As we are walking through grocery, the students stock up on assorted fruits and Chinese junk food. Much of the junk food they grab is rice and sugar based. They buy all sorts of spongy breads and sticky rice treats. All of them shop as if they are on their own because in many ways they are living on their own. They see their parents occasionally on weekends.
Before we went into the store, Allen stopped at the freestanding ATM - which is next to the grocery carts – to get some RMB. I happened to look over her shoulder to see what kind of balance a fifteen year old Chinese girl from a wealthy family would have in her account. She had close to 5,000 rmb (approximately $600). This is money her parents or grandparents put in her account. She does not have an after school job. This seems like a lot of money for a fifteen year old to have. However, I am not surprised.
Jennifer told me that a few days ago. Allen’s mom came to school and she wanted to talk to Bird Flu about Allen and Max. Allen saw that her mom was talking to Bird Flu and she physically picked up her mom and carried her out of the room. This is the sort of offspring that the new money has produced in China, not that this is any different than American offspring. Money often breeds rudeness and inconsideration toward others.
This month in the magazine China Today, there is a story about the privileged youth of China. Their parents do spoil them because most of these parents came from families that a lot of times lived from hand to mouth. These parents want a better life for their children. However, the children do not appreciate this because they do not know any other way.
In the health and beauty section of the grocer, a young man says hello to me as he walks by. This youngster seems to always be at the store when I am. Many times I have seen him with other young men sprawled on a bench on top of one another near the men’s boxed shirt aisle. Today after he walks by. Tess says “Do not talk to him.”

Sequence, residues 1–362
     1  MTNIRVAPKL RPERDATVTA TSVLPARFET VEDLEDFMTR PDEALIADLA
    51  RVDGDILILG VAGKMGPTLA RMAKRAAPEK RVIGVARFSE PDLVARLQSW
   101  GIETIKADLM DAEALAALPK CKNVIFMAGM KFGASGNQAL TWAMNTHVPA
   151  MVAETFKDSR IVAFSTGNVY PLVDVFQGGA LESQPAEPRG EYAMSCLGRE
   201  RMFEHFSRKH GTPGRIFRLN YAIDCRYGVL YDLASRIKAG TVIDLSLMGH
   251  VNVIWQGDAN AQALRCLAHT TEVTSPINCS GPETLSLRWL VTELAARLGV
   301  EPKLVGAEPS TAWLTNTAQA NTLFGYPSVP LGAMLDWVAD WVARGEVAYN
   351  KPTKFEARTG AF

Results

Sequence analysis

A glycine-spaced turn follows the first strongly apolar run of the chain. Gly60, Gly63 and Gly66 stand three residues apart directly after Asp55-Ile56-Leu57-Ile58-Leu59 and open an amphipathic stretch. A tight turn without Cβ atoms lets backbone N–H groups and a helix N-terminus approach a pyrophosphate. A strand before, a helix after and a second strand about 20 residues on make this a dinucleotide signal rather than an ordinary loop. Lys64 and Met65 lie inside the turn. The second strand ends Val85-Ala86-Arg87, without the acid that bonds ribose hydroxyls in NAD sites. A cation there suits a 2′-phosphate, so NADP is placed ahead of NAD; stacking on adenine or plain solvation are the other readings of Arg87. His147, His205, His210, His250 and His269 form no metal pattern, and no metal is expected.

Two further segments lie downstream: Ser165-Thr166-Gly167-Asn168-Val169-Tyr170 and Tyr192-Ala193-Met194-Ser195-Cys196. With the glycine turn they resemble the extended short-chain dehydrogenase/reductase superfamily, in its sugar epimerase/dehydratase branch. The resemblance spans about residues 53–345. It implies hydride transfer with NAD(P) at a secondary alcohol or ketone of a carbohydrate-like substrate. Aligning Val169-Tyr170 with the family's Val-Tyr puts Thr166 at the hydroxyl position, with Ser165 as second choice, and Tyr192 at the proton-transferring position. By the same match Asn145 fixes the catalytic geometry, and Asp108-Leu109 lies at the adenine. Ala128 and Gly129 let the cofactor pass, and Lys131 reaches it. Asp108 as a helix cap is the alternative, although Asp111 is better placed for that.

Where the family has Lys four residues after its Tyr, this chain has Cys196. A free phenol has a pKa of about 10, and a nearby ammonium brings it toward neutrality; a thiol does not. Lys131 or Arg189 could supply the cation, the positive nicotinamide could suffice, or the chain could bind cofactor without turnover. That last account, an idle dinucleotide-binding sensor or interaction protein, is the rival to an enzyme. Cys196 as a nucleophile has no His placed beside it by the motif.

“Do not talk to him?”
“He is dirty,” she says. “He only want to say ‘hi’.”
“I should not talk to him because he only wants to say hi?” I ask making sure I heard her right.
“Yes,” she says. “That is the reason. He’s from poor village, not Shanghai.” This seemed to be all of the explanation she needed to give.
This week, tomorrow, we have American students coming from San Diego to visit the campus. We have a welcome meeting for them tomorrow in the late afternoon. The Shanghai 90210 are putting on a puppet show for them. We are also singing for them – ‘Lucy in the Sky with Diamonds,’ ‘From Me to You.’ Today, as I was walking to the oral English class with my guitar, Elizabeth (my boss) asked me to which class was I taking my guitar. I told her oral English. The Shanghai 90210 and I are going to practice the songs we are singing tomorrow. This made her happy. I was a little on the defensive. I am still not sure why I am here or exactly what I am supposed to be teaching. The semester ends in two weeks.